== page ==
Posted in Energy, Nuclear Fusion

How close are we to nuclear fusion? 

How close are we to nuclear fusion? My original answer is here: https://www.quora.com/How-close-are-we-to-nuclear-fusion/answer/James-Ray-20?srid=4Zxl&share=7248c240

Here is my answer below:

We already know how to fuse atoms. What we have not yet achieved is building a fusion reactor that will produce more energy than it consumes. We have also not succeeded in producing nuclear fusion power that will be cheaper than all other forms of energy.

Nuclear fusion has been achieved by us in H- bombs, nuclear enrichment (e.g. bombarding Uranium-238, a non-radioactive/fissile material with neutrons to form Plutonium-239, a fissile material), and many nuclear fusion reactors of many varying types (have a look at Dr. Matthew J. Moynihan’s showing different approaches of nuclear fusion, which can be broadly classified as magnetically confined plasmas, inertial electrostatic confinement, or a combination of both). Magnetically confined plasmas have received the lion’s share of funding from governments, mainly in the form of tokamaks, which are inherently large because the walls of the machine need to be spaced further and further away from the plasma as it becomes hotter, in order to increase power production with a relatively low density, and reduce conductive losses.

If we can get a working prototype generator with a nuclear fusion reactor that does not require a turbine (boiling water to generate steam which drives a turbine which a generator converts rotational energy to electrical energy), such as using direct energy conversion with a reverse particle accelerator on a bean of charged particles, then we will be and to remove a large cost component of producing electricity. If we can reduce the size if a generator, it will be able to be more distributed, and have a cheaper capital cost (especially without a turbine). The direct electricity conversion approaches that are currently being tried that come to my mind are LPPFusion and Tri Alpha Energy. LPPFusion claims that if it can get a commercial scale of generators, the power cost will be 10 or more times less than the cheapest energy source available today (FMI see here).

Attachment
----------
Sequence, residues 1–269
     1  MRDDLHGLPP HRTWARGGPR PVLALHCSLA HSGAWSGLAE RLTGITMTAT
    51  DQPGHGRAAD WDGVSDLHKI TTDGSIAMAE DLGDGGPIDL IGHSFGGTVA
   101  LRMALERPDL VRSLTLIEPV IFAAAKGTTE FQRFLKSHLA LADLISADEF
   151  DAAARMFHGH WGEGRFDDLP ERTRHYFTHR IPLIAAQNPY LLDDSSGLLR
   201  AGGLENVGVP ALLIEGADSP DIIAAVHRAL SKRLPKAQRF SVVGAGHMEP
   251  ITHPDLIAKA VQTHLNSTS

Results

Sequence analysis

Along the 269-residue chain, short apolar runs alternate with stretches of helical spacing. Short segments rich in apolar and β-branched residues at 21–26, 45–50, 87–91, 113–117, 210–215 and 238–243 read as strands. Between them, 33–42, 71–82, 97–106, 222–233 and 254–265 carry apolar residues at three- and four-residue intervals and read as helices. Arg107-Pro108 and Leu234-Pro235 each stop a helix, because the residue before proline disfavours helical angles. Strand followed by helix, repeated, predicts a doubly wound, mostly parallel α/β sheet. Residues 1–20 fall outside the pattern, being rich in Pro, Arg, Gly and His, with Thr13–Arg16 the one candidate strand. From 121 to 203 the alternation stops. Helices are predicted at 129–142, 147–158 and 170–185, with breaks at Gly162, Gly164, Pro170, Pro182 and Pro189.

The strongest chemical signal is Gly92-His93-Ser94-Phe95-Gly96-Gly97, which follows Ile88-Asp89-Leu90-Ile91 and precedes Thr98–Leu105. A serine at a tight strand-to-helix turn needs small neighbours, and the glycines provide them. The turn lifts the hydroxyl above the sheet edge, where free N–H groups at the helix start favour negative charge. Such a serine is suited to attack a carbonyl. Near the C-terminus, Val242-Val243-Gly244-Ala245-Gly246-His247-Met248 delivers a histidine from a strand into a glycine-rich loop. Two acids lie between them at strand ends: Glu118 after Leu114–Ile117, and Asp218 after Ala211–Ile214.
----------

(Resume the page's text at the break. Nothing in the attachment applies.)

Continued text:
To find out how LPPFusion works, I suggest reading and digesting the paper:

For an introduction to LPPFusion, you may watch this:

IndieGoGo Campaign 2014

Alternatively, you may go to this page:

FUSION | About

For details about how the dense plasma focus works and how the theory behind it is a good model to explain what occurs in quasars, see this paper: ‘Magnetic Self-Compression in Laboratory Plasmas, Quasars and Radio Galaxies, Part 1’ (the link is here).

There’s lots more information on LPPFusion’s website, including how they compare to other aneutronic fusion approaches (the link is here), and other competing approaches (i.e nuclear fission power, and deuterium and tritium fusion mostly with tokamaks, see here: Competing Technologies. They have a conference call and a report released at the end of every month.